Taoisigh flying all over extolling the Irish economic miracle, mark two. ‘The 13 was the start. Things really took off when we banned open umbrellas in the house, hats on beds, peacock feathers, magpies on their own, made breaking a mirror a criminal offence and addressed the underlying infrastructural issue of the “bad luck” ambiguity of green by changing the national colour to fuchsia. Further down the line, we’ve identified the banning of “4” as a strategic ploy to encourage Chinese inward investment…’
I’m joking, in the same way people thought TD Michael Healy-Rae was when he first touted
‘Things really took off when we banned
open umbrellas in the house and made breaking a mirror a criminal offence’
this ‘13’ registration-plate business last February, triskaidekaphobia (fear of the number 13) being such a serious consideration. Yes, I know, there is another logic with the addition of the 1 and 2. Most car sales happen in January, so having the 2 will hopefully bolster a ‘January effect’ in July. Actually, it still doesn’t seem logical to me, but then I’m not familiar with the ‘buying a new car’ mind set. I’ve never been in the market for one. And come to think of it, the one time I did buy a car, I remember thinking when I saw the registration plate, ‘Three 7s — that’s lucky!’ And when I called my mother to share my new (second-hand) car news, the first question she asked was, ‘What colour is it?’ And when I said ‘green’, she said, ‘That’s unlucky.’ AND the first time she ever rode in the car with me, 18 months later, a vehicle crashed into the side of us and the car was a write- off. Wow. And just imagine if on top of everything there’d been a ‘13’ in the registration. An out- of- control steamroller would have then appeared from nowhere and we would have been flattened like characters in a children’s cartoon.
I love superstitions, but I hate the feeling of obligation to them. I went to drama college in London. ‘Don’t say “Macbeth” in the theatre,’ everyone said. ‘Call it the “The Scottish Play” or you’re inviting a hex upon you.’ ‘Macbeth, Macbeth!’ I’d boom in reply. And I can honestly say it never jinxed my going on to have a great stage and screen career — ha ha! Ah, you have to laugh. But not at a funeral if you’re pregnant, apparently.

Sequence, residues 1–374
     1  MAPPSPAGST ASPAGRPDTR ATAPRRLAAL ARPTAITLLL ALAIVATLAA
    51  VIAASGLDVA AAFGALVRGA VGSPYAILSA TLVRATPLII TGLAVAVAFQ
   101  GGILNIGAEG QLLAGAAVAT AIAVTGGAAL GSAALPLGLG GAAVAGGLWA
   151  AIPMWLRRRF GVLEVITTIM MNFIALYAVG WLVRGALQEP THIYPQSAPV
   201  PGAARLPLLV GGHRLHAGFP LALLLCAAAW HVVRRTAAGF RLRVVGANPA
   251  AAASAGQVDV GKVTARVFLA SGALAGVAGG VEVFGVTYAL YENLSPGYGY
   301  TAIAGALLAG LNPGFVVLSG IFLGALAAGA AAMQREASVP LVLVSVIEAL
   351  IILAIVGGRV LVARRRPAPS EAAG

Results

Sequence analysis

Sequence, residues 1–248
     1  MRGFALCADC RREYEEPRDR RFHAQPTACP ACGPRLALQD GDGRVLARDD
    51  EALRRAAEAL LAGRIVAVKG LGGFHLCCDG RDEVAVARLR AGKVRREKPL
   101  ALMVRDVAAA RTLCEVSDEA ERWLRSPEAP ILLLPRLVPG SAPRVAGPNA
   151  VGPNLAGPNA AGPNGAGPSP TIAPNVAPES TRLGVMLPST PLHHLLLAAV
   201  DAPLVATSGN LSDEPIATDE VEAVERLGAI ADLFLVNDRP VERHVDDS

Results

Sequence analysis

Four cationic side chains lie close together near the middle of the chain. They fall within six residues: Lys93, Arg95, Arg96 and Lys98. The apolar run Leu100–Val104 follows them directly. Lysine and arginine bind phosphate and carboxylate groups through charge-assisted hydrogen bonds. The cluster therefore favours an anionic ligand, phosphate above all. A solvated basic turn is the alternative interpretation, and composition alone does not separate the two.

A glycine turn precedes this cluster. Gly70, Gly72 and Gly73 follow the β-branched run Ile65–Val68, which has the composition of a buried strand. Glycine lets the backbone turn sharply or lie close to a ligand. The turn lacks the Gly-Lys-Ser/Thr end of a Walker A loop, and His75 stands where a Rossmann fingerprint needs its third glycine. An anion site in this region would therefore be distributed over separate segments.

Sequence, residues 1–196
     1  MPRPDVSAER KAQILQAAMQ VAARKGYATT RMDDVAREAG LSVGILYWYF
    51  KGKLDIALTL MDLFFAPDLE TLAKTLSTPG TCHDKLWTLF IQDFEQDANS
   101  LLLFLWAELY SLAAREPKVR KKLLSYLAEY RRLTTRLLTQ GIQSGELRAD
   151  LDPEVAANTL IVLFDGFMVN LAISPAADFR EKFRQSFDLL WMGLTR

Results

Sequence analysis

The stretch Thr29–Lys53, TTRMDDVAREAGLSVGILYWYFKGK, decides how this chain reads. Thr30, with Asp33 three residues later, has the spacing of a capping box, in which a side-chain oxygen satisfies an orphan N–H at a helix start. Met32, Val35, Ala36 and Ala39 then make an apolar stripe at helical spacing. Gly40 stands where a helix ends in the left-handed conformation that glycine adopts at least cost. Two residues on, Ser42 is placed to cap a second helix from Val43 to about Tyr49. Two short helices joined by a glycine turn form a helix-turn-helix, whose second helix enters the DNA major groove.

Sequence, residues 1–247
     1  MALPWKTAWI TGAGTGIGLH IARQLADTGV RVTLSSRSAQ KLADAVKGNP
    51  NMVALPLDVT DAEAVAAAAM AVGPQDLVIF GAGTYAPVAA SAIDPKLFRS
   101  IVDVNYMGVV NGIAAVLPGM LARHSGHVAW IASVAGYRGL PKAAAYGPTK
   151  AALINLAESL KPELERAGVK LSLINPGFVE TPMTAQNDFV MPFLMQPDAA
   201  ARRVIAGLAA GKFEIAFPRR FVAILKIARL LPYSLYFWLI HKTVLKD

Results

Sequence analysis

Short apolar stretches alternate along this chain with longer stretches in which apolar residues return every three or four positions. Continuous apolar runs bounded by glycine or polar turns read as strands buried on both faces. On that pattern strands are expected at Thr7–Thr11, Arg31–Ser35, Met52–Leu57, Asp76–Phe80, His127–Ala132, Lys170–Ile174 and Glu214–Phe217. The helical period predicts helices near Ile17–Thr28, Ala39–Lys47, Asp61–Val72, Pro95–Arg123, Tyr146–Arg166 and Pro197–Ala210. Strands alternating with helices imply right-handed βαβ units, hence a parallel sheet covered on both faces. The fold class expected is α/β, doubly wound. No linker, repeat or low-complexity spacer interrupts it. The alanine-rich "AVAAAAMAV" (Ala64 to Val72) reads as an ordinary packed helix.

I noticed that Tommy Tiernan’s new show, in Vicar Street all this month, is called Stray Sod. Traditionally, in Irish folklore, a stray sod is a piece of ground that would cause a person to become disorientated if they stepped on it. I’d never heard the term before so I asked my dad, who lives in rural Sligo, if he had. Indeed. The term in Irish is ‘fóidín marbh’, he said, which literally means ‘dead sod’. In the past, in Ireland, a coffin might have had to be carried a distance, if no other means of transport was available, so a rest might be needed. Where such a coffin was laid on the ground, that ground became, ever after, a fóidín marbh, as if tinged with the veil of the other world. Whenever people would lose their way walking on a journey, they used to say, ‘I must have stepped on the fóidín marbh.’
What a beautiful superstition, and yet another reason not to step outside the door today.
Enjoy your 12a of January, 2013!